A Blight on Your House

No Telling
(Dante’s Tomatoes by Dore’, with a little help from me)

Or on your tomatoes, thanks to “Southern growers” and according to The New York Times. I was alerted to the tomato pandemic via a bit in the Arkansas Times, and while there are no fingers specifically pointing Arkansasward, we know who they mean.

We’ve unwittingly contributed to the disaster by shipping plants to unsuspecting northern farmers who, if you can believe such rumors, actually grow tomatoes for sale. Why anyone would want a tomato grown in outdoor temperatures of less than 105 degrees is beyond me. That’s like importing watermelons from Canada. Ridiculous.

I guess we know how to get even, though. The NY Times says,

“According to plant pathologists, this killer round of blight began with a widespread infiltration of the disease in tomato starter plants. Large retailers like Home Depot, Kmart, Lowe’s and Wal-Mart bought starter plants from industrial breeding operations in the South and distributed them throughout the Northeast. (Fungal spores, which can travel up to 40 miles, may also have been dispersed in transit.) Once those infected starter plants arrived at the stores, they were purchased and planted, transferring their pathogens like tiny Trojan horses into backyard and community gardens.”

I can envision thousands those baby Arkansas plants flinging killer spores like confetti-tears all the way to New Jersey. Sounds more like a pitiful cry for help. Remember Hansel and Gretel and those breadcrumbs? Exactly.

(Titans Recoil by Dore’ and Monda)

So does this leave us tomatoless down here? Hmmm….

“So what’s going on here? Plant physiologists use the term “disease triangle” to describe the conditions necessary for a disease outbreak. You need the pathogen to be present (that’s the late blight), you need a host (in this case tomatoes and potatoes) and you need a favorable environment for the disease — for late blight that’s lots of rain, moderate temperatures and high humidity.”

The emphasis is mine. Clearly, if God meant for tomatoes to flourish in places like Vermont she would’ve turned up the heat considerably. In fact, I suspect this may be God’s way of telling those folks to grow Brussels sprouts instead.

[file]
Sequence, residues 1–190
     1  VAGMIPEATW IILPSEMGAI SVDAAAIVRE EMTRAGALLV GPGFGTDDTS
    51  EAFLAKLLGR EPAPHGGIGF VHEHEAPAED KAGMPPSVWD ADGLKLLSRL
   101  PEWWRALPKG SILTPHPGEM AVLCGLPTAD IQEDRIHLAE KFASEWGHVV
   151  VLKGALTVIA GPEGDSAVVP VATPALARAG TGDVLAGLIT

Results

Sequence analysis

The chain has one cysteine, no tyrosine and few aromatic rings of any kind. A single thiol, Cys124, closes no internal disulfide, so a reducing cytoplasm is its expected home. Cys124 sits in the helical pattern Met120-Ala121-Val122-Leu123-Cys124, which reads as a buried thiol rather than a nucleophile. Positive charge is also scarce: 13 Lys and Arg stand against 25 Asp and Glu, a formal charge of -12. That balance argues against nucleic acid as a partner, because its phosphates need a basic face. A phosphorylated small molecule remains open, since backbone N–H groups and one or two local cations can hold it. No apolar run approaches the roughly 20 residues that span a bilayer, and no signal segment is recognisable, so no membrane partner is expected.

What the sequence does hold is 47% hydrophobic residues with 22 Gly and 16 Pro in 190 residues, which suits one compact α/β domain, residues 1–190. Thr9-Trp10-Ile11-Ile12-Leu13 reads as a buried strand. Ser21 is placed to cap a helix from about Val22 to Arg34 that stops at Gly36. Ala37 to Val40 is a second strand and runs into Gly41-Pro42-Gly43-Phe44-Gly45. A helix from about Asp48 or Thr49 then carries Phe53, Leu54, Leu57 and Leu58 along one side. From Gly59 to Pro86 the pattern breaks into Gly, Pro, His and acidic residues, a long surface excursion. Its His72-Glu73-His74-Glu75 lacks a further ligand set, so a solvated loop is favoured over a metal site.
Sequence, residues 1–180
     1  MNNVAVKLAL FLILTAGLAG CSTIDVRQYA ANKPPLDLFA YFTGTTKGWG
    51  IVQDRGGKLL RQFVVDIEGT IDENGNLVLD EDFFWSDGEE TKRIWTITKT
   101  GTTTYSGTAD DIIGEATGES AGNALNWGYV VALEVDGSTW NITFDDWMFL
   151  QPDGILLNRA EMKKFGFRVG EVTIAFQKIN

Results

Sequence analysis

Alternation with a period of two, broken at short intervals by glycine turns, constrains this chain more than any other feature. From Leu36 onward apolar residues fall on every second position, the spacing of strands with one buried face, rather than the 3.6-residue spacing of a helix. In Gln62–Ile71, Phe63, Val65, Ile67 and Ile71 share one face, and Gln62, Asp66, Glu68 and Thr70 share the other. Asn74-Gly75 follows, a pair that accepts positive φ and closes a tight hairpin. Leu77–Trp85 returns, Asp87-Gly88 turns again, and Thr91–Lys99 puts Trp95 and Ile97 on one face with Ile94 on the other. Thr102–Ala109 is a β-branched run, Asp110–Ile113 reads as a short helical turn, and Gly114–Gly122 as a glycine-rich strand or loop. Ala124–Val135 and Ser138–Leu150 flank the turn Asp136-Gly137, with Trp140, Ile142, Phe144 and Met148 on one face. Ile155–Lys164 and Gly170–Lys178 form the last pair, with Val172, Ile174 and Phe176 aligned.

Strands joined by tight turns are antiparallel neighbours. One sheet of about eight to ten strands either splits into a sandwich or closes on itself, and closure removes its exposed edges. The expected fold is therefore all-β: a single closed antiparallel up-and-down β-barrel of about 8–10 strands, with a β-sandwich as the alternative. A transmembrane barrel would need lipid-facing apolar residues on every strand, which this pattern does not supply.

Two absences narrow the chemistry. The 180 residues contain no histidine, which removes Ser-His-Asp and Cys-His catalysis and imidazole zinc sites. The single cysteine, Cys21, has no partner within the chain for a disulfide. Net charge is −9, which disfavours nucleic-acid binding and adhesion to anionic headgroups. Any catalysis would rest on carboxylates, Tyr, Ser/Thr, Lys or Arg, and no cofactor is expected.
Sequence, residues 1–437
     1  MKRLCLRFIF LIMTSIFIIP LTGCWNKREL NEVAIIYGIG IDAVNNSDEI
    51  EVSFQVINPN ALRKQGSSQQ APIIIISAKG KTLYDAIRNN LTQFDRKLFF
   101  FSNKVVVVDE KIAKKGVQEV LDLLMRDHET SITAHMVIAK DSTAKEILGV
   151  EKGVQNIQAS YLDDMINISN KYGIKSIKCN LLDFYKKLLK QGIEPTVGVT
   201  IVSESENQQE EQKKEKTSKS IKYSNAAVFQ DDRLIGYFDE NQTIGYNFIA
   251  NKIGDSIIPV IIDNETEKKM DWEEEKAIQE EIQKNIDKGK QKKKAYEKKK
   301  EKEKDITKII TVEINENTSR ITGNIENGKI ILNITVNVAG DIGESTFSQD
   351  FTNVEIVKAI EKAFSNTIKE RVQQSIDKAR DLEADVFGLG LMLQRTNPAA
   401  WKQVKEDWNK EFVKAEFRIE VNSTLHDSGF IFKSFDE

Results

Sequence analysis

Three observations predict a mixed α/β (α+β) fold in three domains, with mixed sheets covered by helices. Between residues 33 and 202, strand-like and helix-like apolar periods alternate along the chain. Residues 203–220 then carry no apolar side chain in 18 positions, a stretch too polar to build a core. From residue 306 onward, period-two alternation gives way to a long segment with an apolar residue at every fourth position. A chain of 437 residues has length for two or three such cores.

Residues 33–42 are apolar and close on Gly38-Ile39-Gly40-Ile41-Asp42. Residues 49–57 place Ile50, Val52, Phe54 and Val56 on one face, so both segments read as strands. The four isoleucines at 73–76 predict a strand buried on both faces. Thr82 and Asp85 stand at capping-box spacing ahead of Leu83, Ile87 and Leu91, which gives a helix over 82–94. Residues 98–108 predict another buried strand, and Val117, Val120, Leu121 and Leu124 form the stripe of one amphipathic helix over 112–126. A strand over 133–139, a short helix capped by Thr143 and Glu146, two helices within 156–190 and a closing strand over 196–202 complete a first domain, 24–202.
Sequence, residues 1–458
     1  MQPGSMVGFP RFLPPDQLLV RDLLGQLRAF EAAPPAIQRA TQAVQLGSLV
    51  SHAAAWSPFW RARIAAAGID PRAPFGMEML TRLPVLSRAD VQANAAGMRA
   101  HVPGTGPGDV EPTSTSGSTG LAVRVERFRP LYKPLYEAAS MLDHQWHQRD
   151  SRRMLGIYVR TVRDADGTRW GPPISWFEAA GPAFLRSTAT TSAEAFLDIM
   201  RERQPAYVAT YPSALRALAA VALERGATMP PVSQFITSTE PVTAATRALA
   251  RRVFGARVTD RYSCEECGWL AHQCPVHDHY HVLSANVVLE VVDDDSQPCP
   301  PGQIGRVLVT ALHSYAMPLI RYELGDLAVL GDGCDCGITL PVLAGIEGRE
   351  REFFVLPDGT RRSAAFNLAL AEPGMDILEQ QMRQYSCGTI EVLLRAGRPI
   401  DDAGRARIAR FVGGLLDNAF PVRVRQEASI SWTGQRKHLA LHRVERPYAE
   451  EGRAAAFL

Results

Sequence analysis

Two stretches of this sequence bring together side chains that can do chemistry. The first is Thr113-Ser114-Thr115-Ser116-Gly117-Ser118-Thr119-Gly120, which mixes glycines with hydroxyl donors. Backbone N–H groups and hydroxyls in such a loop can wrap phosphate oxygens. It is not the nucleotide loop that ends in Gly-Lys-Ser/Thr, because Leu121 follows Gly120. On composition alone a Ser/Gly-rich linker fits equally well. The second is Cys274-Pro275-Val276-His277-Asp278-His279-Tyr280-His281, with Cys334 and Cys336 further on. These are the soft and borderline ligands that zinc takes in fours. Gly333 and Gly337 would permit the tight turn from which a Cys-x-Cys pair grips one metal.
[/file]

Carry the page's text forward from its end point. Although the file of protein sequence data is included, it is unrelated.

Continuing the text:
There’s talk that we might have a shortage down here, but barring some apocalyptic meteor-disaster climate change or salmonella outbreak, anyone living in Arkansas could reasonably put in a few plants right now and harvest tomatoes clear through Halloween. How’s that for trick or treat?

21 thoughts on “A Blight on Your House

  1. Ah-HAH!! It's YOUR fault!! Well, listen, missy-miss, we do just fine up here in the tomato department. Our tomatoes positively flourish in our 95-degree summer humidity, so don't y'all be braggin' on your 100+ heat. And for your information, smartie-pants, Vermont is positively stifling in July, because they're landlocked & there's nary a breeze to be had.

    However, the REAL reason we're having trouble with our tomatoes this year, at least in southern New England, is because it did nothing but rain in June & July. And we've had our fair share in August so far, too. So, ain't NUTHIN' growing very well because we ain't had enough SUN, for crying out loud! It's like freakin' Portland, Oregon, which has one of the highest suicide rates in the country because it's so cloudy & rainy all the time, people want to commit hari-kiri with their umbrellas.

    So, a blight on your blight, but we'd uh been fine if we'd just had some damn sun. Could you send some of that while you're at it??

  2. I'm not familiar with this tomato blight you're causing, but Southeast Michigan is swimming up to our ears in tomatoes, so I think you're all crazy. The weather's been actually mostly cool, but very damp…we got probably two feet of rain between yesterday, last night, and today. Supposedly, Canada's got this big bubble of some kind of pressure that's keeping the hot air from moving or whatever…keeping us locked in winter patterns or something.

    Point is, despite your so-called blight, my neighbors keep heaping tomatoes on my front porch and the farmers markets are awash with them, and I don't even like the things.

    verification word: mancipay: ebonics for what happened back in the 1860's. ooh, i went there.

  3. Kathi, so YOU'RE the ones! I'll be happy to send you some sun. Plenty here. See, down here in Zone 7 (what are y'all, Zone -5?) we manage two good growing seasons. Just to be fair, I did try growing Brussels sprouts one year and had to plant them in January just to beat the heat. They were ice stormed.

    How about I trade you a little sun for some rain?

    Julia, this is obviously a deliberate Canadian weather ploy. Since you've got plenty of tomatoes, I suggest you find a good recipe. Here's something quick and incredible:

    sliced fresh tomato
    ciabatta bread
    cream cheese
    fresh basil, chopped
    ground pepper and salt